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The Lost Worlds of Planet Earth

   2014    Science
This episode explores the palaeogeography of Earth over millions of years, and its impact on the development of life on the planet. Tyson starts by explaining that the lignin-rich trees evolved in the Carboniferous era about 300 million ago, then explains on the nature of plate tectonics that would shape the landmasses of the world and the asteroid impact that initiated the Cretaceous–Paleogene extinction event, leaving small mammals as the dominate species on earth. Earth's landmasses are expected to change in the future and postulates what may be the next great extinction event.
Series: Cosmos: A Spacetime Odyssey

A Savage Legacy

       History
Examines the impact of racism in the 20th century. By 1900 European colonial expansion had reached deep into the heart of Africa. Under the rule of King Leopold II, the Belgian Congo was turned into a vast rubber plantation. Men, women and children who failed to gather their latex quotas would have their limbs dismembered. The country became the scene of one of the century's greatest racial genocides, as an estimated 10 million Africans perished under colonial rule.
Series: Racism: A History

Dragons of the Dry

   2008    Nature
About 340 million years ago a brand new family of animals was evolving in the primeval swamps. They were to go one step further than the amphibians who had emerged onto dry and before them. For they would eventually completely cut their ties with water. They were the ancestors of todays lizards. They evolved scaly impermeable skins and moved up into the forests. They diversified into a multitude of different shapes and sizes. They developed signalling systems to communicate with one another. And they squabbled as animals do. For food they hunted insects that were already well established on the land in great numbers. And here without returning to water they produced their families. They powered their bodies not only with food but with the heat that they drew directly from the sun.
As they diversified so they spread into the harshest of the lands habitats. The baking waterless deserts which eventually they would come to dominate. Discover jacky lizards that wave, wrestling beaded lizards and the the world's smallest chameleon, which is no bigger than his thumbnail, and the biggest lizard in Australia.
Series: Life In Cold Blood

Frozen Planet: Autumn

   2011    Nature
For the animals in the polar regions, autumn means dramatic battles and epic journeys. Time is running out - the Arctic Ocean is freezing over and the sea ice is advancing at 2.5 miles per day around Antarctica. Polar bears gather in large numbers on the Arctic coast as they wait for the return of the ice. Soon, tempers fray and violent sparring contests break out. Meanwhile 2,000 beluga whales head for one special estuary, a gigantic 'whale spa' where they will thrash their snow-white bodies against the gravel and exfoliate. Inland, the tundra undergoes a dramatic transformation from green to fiery red. Here, musk ox males slam head-first into each other with the force of a 30mph car crash as they struggle to defend their harems. Frisky young caribou males play a game of 'grandma's footsteps' as they try to steal the boss's female. Down in Antarctica, Adelie penguin chicks huddle together in creches. When a parent returns from fishing, it leads its twins on a comical steeplechase - sadly there's only enough for one, so the winner gets the meal. Two months later and the chicks are fully feathered apart from downy Mohican hairdos - they're ready to take their first swim - reluctantly though, as it seems penguins are not born with a love of water! And with good reason - a leopard seal explodes from the sea and pulls one from an ice floe, a hunting manoeuvre that has never been filmed before. As winter approaches and everyone has left, the giant emperor penguin arrives and makes an epic trek inland to breed. The mothers soon return to the sea leaving the fathers to hold the eggs and endure the coldest winter on earth.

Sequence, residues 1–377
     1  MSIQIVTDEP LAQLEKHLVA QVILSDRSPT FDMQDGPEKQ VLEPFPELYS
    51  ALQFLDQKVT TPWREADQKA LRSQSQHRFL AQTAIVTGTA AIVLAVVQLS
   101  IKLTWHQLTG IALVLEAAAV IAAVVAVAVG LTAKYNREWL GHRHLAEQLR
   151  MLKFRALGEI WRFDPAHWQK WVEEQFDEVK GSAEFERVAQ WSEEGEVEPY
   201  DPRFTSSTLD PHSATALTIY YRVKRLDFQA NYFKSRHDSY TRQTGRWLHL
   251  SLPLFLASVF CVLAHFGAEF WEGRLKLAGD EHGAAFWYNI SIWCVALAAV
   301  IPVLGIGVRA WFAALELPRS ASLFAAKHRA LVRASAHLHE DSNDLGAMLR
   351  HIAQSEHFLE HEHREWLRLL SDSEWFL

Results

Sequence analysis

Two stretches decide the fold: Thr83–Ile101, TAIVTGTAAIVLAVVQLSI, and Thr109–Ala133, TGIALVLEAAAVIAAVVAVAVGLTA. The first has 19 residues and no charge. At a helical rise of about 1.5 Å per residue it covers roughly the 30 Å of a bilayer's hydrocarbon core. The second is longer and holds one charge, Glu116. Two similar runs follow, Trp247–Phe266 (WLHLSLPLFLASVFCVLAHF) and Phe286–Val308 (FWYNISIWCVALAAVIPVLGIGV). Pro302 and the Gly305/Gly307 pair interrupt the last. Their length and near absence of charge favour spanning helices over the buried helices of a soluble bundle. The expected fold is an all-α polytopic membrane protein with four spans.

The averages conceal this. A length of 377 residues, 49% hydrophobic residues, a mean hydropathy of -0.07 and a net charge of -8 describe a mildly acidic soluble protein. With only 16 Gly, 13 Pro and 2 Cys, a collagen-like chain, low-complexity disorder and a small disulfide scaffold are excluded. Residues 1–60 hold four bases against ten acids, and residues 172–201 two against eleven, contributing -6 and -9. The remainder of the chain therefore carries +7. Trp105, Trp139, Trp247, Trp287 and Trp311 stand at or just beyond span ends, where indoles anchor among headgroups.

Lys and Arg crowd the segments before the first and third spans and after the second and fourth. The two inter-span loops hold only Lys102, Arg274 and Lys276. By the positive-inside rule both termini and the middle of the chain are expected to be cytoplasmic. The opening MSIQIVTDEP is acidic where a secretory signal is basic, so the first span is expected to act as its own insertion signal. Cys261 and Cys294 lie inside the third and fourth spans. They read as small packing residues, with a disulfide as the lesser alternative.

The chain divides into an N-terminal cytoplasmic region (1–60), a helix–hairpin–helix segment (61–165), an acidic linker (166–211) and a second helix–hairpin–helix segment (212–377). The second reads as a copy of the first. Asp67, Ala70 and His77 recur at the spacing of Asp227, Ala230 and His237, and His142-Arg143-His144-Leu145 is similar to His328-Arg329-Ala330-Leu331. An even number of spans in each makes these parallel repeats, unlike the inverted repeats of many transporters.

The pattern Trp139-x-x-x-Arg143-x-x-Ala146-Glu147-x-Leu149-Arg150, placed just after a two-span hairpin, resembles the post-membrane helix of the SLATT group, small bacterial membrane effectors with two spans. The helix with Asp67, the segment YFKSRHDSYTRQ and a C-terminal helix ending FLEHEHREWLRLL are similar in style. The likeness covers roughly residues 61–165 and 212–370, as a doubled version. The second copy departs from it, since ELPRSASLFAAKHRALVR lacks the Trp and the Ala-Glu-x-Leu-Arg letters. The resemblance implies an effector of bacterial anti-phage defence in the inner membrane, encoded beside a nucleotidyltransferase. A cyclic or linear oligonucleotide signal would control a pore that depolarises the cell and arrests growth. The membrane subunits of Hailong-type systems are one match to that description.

Series: Frozen Planet

The Story of Maths The Frontiers of Space

   2008    Science
In the third episode we will see Europe by the 17th century taking over from the Middle East as the powerhouse of mathematical ideas. Great strides had been made in understanding the geometry of objects fixed in time and space. The race was on to discover the mathematics to describe objects in motion. This programme explores the work of Rene Descartes, Pierre Fermat, Isaac Newton, Leonard Euler and Carl Friedrich Gauss. Du Sautoy proceeds to describes René Descartes realisation that it was possible to describe curved lines as equations and thus link algebra and geometry. He talks with Henk J. M. Bos about Descartes. He shows how one of Pierre de Fermat’s theorems is now the basis for the codes that protect credit card transactions on the internet. He describes Isaac Newton’s development of math and physics crucial to understanding the behaviour of moving objects in engineering. He covers the Leibniz and Newton calculus controversy and the Bernoulli family. He further covers Leonhard Euler, the father of topology, and Gauss' invention of a new way of handling equations, modular arithmetic. The further contribution of Gauss to our understanding of how prime numbers are distributed is covered thus providing the platform for Bernhard Riemann's theories on prime numbers. In addition Riemann worked on the properties of objects, which he saw as manifolds that could exist in multi-dimensional space.
Series: The Story of Maths
Stangest Things
Stangest Things

   2021    History
Leaving Neverland
Leaving Neverland

   2019    Culture
Zeitgeist
Zeitgeist

   2007    Culture
Triumph of Life
Triumph of Life

   2006    Nature
Wings
Wings

      Nature
Black Hole Apocalypse
Black Hole Apocalypse

   2018    Science
Top Gear
Top Gear

   2012    Technology